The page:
Wednesday Writs: Criminal Justice Reform
Larry Begay was a New Mexico man with a dozen DUI convictions under his belt, most of them felonies (New Mexico classifies DUI as a felony after the third conviction.) In 2004, Begay got into an argument with his mother and sister and brandished a firearm and was arrested. He then faced federal charges for being a felon in possession of a firearm, to which Begay eventually pleaded guilty. The judge, reading the sentencing report and discovering the multiple felony convictions, determined that the risk of death or injury posed by intoxicated driving qualified these convictions as “violent felonies” under the ACCA. Accordingly, he imposed the mandatory sentence under the act, 15 years.
Begay appealed. The Supreme Court’s decision in Begay v. United States, our case of the week, was written by Justice Breyer. The Court must consider not the manner in which an offense is committed by an individual but how the law defines that offense, Breyer wrote. This is a “categorical approach”, rather than a fact determinate approach. From the outset, the Court did not consider DUI a crime of violence, as it does not involve the use or threat of force against another in its commission.
Instead, the Court focused on the second set of factors and it’s so-called “residual clause”: crime which “otherwise involves conduct that presents a serious potential risk of physical injury to another.” Breyer wrote that DUI was simply too unlike the other specifically listed crimes- burglary, arson, or extortion- for congress to have intended for the provision to apply.
The majority, with Justices Roberts, Stevens, Kennedy, and Ginsburg joining, further differentiated DUI from crimes that are “purposeful, violent, and aggressive” against another. The Court also recognized that a DUI conviction does not even require criminal intent, rejecting the government’s “but everyone knows drinking causes impairment” rebuttal.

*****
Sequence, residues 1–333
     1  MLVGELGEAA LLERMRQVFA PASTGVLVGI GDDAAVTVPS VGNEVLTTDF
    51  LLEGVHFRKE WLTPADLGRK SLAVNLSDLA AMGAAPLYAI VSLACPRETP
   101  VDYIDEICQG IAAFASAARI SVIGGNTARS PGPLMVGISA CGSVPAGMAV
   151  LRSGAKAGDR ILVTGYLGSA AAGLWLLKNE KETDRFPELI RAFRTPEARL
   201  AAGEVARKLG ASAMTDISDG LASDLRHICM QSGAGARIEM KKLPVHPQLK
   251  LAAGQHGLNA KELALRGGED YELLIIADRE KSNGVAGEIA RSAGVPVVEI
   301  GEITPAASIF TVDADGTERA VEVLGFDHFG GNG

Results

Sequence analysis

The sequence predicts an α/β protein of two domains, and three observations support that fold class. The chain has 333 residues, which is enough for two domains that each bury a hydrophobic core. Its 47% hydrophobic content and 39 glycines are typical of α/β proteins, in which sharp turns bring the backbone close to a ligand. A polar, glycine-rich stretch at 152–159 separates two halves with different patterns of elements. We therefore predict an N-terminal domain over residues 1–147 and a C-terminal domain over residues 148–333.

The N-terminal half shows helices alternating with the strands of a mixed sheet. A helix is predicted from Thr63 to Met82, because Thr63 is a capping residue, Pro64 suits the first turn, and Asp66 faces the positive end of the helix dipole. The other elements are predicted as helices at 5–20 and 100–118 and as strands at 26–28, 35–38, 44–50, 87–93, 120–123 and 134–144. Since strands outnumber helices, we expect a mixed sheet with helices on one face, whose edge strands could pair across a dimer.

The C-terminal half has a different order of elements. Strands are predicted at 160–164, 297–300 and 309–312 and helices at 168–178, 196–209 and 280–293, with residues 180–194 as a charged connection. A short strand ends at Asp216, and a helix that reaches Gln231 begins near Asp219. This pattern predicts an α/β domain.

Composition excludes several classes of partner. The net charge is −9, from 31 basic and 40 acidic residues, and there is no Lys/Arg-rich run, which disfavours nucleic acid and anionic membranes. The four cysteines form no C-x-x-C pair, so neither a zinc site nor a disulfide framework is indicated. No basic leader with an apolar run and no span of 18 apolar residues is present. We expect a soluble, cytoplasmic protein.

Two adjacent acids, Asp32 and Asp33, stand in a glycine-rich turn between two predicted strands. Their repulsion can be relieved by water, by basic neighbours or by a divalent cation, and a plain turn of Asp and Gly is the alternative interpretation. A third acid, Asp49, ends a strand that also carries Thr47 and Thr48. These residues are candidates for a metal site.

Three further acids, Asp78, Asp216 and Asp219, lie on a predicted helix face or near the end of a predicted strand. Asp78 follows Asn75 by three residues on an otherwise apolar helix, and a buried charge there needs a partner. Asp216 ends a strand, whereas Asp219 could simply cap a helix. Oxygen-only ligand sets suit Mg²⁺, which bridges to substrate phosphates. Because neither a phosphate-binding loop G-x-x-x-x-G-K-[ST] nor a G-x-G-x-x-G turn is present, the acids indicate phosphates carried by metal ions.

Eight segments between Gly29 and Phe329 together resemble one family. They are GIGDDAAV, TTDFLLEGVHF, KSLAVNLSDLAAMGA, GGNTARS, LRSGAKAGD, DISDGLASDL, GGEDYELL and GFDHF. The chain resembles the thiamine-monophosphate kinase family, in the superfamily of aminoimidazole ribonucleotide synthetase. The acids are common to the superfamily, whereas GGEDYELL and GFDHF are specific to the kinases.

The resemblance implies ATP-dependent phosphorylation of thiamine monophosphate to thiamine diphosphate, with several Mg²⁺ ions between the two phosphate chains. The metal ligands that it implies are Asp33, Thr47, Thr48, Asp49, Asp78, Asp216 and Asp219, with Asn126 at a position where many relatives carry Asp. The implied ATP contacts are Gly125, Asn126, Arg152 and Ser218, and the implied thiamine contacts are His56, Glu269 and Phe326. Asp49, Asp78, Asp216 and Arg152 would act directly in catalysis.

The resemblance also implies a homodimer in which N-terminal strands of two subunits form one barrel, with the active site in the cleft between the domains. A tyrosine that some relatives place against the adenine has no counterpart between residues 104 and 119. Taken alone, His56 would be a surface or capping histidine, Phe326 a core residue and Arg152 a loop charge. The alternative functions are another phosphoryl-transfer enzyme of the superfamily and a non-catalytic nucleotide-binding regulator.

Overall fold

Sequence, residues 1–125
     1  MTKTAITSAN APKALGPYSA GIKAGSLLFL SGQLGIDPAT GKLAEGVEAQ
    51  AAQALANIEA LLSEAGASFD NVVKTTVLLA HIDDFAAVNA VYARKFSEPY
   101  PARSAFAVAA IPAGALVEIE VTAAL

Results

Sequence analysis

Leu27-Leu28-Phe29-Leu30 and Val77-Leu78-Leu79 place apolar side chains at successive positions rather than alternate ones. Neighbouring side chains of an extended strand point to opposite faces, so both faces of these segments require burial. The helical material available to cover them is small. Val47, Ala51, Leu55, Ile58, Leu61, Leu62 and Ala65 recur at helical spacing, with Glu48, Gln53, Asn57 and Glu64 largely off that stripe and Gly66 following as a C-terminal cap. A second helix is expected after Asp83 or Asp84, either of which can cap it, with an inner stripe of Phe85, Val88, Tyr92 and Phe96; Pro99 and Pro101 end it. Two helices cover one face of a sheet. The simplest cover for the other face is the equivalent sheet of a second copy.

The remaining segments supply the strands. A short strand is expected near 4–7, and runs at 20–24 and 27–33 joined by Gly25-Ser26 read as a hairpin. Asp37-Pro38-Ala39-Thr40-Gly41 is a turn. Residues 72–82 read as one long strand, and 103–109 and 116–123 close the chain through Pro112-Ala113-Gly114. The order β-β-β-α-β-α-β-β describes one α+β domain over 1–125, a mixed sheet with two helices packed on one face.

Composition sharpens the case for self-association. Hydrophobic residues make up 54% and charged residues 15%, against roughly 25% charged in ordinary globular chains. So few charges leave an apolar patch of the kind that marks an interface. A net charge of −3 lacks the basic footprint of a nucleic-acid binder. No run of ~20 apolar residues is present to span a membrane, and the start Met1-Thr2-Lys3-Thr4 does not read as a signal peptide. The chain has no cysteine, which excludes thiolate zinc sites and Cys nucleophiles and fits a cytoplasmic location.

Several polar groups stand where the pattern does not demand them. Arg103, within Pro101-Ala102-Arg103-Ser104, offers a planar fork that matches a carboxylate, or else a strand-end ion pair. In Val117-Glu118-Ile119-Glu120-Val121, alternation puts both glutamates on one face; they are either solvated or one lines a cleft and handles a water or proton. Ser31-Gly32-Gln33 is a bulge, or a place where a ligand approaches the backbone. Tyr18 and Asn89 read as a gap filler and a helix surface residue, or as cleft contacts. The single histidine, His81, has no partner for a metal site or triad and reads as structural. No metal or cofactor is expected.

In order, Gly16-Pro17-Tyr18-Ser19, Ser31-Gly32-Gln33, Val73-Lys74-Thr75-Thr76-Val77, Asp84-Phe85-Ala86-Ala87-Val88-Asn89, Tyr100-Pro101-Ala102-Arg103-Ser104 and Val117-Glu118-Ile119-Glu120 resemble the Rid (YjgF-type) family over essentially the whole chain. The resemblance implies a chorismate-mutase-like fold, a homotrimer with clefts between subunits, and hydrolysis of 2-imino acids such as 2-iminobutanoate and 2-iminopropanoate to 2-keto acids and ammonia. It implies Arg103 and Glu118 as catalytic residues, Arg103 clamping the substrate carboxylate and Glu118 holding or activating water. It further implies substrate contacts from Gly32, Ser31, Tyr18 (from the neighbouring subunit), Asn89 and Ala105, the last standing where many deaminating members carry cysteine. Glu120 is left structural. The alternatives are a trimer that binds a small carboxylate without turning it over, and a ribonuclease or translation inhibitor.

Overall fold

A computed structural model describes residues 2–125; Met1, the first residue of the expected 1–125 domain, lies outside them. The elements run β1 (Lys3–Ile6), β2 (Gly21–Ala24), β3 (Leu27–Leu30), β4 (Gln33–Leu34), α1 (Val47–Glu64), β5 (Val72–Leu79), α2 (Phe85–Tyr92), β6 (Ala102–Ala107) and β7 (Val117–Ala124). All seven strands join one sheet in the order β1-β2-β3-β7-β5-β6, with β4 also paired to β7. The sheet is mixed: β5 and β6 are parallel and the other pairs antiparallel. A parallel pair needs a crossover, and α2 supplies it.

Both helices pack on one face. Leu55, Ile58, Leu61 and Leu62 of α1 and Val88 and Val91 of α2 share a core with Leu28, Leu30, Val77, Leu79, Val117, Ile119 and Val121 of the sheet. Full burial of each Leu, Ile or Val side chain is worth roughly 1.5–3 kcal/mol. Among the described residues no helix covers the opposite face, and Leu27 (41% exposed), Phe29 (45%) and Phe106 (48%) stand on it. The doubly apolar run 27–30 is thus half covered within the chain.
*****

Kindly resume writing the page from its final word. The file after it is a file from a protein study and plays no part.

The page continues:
Breyer pointed out that, under the government’s theory, a person convicted of polluting a waterway would be labeled an “armed career criminal” under the Act.
Justice Scalia concurred with the majority, but disagreed with their interpretation of the residual clause, opining that congress did in fact intend to include all felony crimes which involve serious risk to others. However, Scalia did not believe that DUI fell into that category.
To make his argument, Scalia referred to his own dissent in an earlier case, James v. US. In James, the question was whether attempted burglary should be classified as a violent crime. The majority in that case formulated an analysis that required comparing the crime in question with the most analogous of the enumerated crimes (burglary, larceny, or extortion.) If the analogous crime and the crime at hand pose the same risk, then the crime is violent. Scalia quotes his dissent from James, in which he anticipated the very circumstances of the Begay case: